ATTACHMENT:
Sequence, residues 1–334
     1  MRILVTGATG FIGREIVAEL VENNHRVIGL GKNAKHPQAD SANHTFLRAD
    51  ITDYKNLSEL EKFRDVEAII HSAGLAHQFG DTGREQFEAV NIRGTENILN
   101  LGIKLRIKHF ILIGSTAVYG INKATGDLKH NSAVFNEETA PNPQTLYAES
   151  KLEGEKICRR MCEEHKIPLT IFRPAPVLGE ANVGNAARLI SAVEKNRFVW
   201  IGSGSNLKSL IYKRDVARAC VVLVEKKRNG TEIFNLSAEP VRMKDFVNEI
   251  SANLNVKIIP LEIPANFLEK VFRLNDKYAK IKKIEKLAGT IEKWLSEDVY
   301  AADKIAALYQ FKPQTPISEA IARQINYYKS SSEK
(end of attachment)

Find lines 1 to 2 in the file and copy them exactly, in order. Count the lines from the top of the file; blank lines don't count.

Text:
Sequence, residues 1–334
     1  MRILVTGATG FIGREIVAEL VENNHRVIGL GKNAKHPQAD SANHTFLRAD